I’m amazed by how inexpensive everything HDMI has become – as long as you shy away from expensive Monster cables and Best Buy. I’ve just realized a long-time dream in building the perfect HD household – and it cost about 10% of what it would have a few years ago.
Here’s the problem – I have a DirecTV HD DVR in the family room, but I really wanted to push its signal all over the house. There are three here – but my wife has her own DVR (an older HD Tivo), while my son is content to graze on whatever has been recorded on either box – or via the Netflix-enabled Roku.
I’d already sent output from the component signal down to the mancave, via a set of component video baluns, where it is split up and serves both the Panasonic 42” plasma, and the 24” monitor in the garage (you can read more about that experience here). The unit’s HDMI output serves the 52” Westinghouse LCD in the family room. But I wanted more. I needed another display in the kitchen.
Now I could have split up the component cable yet again, and run another set of baluns back up to the kitchen. But that would probably have cost more than $100, because I’d need to swap my 1:2 component switcher to a 1:4, and then get a pair of component baluns.
Even worse, the set I was trying to use had HDMI input only, no component in. So it was HDMI or nothing.
The good news: I’d run at least two segments of wire to each drop in my kitchen and elsewhere in the house . That proved prescient, as extending HDMI via unshielded twisted pair (aka UTP, Cat5e or Cat6) typically requires two sets of cables.
The bad news – or so I thought – it would cost nearly a thousand dollars for the baluns and an HDMI splitter. And yes, I could have easily spent that much. Gefen’s dual-cable HDMI extender costs $599 at their website, while their 1:2 splitter would set me back $289.
There’s no way I could afford that. But while searching for something else online, I discovered what looked to be the perfect product at an amazing price. The Arkview HDMI Gat-5E extender (no, that’s not a typo, the box really does say “Gat-5E”) promised to do everything that the more expensive Gefen version did – but for just $54. Wow. But I was still a bit stymied by the need to split my HDMI signal. I wasn’t about to use one of those unpowered solutions – sure they cost just a few bucks, but they would most likely degrade my signal, and cause big problems.
Monoprice to the Rescue: But then I stopped by one of my favorite sites, Monoprice, to see whether they could help. And amazingly, they had a powered 1×2 HDMI Splitter in stock for just $22!
So I took a closer look at both. Each claimed to fully support HDCP version 1.2, which meant I’d be able to split and transmit protected content. And each claimed to support HDMI 1.3. The Arkview also said it would push a 1080p signal up to 100 feet over Cat5e, and even longer for 1080i or 720p – and up to 200 feet for a 480p signal. High grade Cat6 cable could go even longer.
So I took the plunge. I ordered each one, and eagerly watched the front porch for their arrival. Speaking of which, special props for Monoprice. I ordered on a Saturday, and the overnight shipping was actually cheapest – $4.73 – and it arrived at my house on Monday afternoon. WOW. It even came in a cool Monoprice cardboard box, but that’s another story.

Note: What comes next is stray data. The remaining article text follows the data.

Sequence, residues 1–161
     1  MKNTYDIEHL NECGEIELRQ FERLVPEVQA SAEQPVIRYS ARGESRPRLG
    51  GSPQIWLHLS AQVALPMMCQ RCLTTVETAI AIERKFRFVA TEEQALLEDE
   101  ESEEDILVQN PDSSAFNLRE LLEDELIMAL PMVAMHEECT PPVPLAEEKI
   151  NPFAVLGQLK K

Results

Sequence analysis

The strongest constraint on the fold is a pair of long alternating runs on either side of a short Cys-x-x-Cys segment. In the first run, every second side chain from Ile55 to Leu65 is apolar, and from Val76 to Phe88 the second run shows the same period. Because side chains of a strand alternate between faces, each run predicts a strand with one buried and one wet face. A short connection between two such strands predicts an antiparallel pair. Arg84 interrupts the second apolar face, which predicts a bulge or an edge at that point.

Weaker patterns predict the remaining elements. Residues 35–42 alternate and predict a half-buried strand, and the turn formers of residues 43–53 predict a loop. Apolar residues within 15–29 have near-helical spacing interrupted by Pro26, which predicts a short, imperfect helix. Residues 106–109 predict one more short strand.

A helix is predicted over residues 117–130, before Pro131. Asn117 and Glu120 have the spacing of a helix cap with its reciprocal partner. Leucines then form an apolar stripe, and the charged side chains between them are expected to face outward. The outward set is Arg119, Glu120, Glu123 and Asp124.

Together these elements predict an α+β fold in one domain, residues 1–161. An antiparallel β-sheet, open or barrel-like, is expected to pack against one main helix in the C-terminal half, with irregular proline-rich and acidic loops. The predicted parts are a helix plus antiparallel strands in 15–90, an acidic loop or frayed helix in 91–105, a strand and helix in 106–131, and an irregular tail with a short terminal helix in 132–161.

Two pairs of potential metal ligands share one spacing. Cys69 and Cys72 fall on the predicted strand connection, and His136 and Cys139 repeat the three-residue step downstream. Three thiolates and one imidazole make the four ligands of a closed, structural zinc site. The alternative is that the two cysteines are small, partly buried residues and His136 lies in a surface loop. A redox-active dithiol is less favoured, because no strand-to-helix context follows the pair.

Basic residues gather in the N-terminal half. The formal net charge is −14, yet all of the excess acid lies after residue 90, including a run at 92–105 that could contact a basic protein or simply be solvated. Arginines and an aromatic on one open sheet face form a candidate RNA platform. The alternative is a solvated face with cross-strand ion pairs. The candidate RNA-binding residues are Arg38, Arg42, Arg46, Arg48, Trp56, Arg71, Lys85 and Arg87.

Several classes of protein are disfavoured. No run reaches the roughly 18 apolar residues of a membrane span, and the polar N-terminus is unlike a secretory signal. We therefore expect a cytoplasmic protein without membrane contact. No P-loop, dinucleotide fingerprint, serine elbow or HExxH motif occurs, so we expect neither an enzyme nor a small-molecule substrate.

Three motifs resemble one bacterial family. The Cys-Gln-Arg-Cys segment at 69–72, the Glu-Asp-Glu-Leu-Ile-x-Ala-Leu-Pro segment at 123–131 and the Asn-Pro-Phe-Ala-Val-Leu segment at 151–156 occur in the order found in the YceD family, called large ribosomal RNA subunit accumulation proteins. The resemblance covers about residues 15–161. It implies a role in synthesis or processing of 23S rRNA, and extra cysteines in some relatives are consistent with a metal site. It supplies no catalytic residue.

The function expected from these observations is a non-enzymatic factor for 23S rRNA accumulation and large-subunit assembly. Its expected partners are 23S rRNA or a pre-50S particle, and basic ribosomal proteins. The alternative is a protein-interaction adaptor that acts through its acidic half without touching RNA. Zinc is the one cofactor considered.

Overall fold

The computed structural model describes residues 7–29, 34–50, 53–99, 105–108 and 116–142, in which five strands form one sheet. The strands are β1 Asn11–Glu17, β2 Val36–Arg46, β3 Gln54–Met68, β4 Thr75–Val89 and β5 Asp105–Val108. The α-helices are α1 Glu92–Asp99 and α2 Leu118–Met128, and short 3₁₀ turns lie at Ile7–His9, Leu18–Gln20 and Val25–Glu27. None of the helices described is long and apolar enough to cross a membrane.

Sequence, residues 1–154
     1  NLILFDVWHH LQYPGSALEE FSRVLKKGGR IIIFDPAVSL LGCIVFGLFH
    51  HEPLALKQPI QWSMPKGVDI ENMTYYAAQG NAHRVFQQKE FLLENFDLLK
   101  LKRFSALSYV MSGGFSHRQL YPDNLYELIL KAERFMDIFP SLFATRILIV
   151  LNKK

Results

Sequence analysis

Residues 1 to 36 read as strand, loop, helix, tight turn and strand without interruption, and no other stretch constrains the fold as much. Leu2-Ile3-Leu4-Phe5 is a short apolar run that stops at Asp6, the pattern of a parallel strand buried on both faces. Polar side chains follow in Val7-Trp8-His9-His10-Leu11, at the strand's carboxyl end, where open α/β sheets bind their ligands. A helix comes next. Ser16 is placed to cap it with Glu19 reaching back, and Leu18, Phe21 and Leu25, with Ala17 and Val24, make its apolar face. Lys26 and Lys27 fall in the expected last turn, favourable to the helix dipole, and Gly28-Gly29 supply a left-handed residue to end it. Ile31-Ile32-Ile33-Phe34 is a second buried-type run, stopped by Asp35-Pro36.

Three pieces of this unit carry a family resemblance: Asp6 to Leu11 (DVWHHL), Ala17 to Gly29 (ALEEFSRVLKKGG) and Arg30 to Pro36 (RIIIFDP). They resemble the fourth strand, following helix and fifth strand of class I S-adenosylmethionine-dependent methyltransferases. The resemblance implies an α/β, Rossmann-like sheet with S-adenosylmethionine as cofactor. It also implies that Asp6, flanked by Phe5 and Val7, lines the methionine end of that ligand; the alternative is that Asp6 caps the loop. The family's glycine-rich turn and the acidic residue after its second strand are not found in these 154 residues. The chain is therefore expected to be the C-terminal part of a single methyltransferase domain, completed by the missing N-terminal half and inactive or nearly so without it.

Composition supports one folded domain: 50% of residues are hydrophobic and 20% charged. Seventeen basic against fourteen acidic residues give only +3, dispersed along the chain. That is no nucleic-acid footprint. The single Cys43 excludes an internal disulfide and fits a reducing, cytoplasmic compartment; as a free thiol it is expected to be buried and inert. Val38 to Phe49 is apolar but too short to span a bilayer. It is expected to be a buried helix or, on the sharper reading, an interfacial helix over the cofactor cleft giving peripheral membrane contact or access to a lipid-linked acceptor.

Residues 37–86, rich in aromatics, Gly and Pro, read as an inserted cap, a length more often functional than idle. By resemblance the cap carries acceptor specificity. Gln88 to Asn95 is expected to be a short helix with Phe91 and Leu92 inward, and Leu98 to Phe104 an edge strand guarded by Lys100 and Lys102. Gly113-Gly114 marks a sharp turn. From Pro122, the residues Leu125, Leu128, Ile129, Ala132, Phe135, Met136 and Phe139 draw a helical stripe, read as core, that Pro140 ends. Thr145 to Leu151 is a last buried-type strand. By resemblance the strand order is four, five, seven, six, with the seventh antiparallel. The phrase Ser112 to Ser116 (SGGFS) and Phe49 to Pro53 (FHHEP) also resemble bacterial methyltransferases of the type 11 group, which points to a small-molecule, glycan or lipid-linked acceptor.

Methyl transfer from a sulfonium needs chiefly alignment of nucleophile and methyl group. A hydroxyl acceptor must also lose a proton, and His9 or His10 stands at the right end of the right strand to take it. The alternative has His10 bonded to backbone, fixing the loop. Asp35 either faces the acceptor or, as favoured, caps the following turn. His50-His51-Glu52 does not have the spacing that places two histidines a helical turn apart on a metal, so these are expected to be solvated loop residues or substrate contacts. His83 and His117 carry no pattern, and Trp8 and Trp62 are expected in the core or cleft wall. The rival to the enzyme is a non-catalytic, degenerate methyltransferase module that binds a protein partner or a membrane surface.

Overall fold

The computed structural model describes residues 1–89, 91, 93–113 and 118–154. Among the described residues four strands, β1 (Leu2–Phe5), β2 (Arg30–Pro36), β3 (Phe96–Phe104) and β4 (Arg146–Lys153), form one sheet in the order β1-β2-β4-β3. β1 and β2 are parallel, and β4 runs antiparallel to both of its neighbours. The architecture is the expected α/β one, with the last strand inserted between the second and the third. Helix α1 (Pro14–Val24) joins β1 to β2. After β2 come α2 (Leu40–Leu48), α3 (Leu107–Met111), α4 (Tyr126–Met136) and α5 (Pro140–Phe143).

The Arkview showed up a few days later, and it took me all of about 10 minutes to set up. I was a bit concerned, because my cable plant doesn’t use a single type of cable. Cat 6 runs from the family room to the structured wiring rack in the garage, while older Cat5e connects the kitchen to the rack. I used a fairly old set of patch cables to bridge between the two runs – and to connect the splitters to the wall jacks. I’m assuming they were some type of Cat5, but I had no idea what. I figured that if I ran into problems I could always crimp up six short Cat6 cables.
Overall, according to my Fluke cable tester, my run was 113 feet from input balun to output balun. Those 113 feet traversed five separate cables – three jumpers, and two long runs, along with four jacks. But apparently the tolerances were good, and my crimping skills strong, because everything worked just fine the first time. The splitter split, the baluns balanced and unbalanced, and the TV received a 1080i signal just fine. I was pleasantly surprised.
Sure, you can spend $800 on expensive gear, but you can spend less than $80 and get similar results – at least according to my tests. That’s bad news for Gefen, but the company does keep innovating. They just released a single-cable HDMI extender that also transmits Infrared, which lets you use your TV or DVR remote at the destination site as well. That’s not an issue for me, as the DirecTV DVR includes an RF remote that works fine all around the house, but IR might be important to you. If so, there’s an X10 version that works great – and costs just $40.
Too bad for Gefen – as its high priced solutions are no longer needed. But great news for us. Because you can now move HDMI around the house cheaply and easily!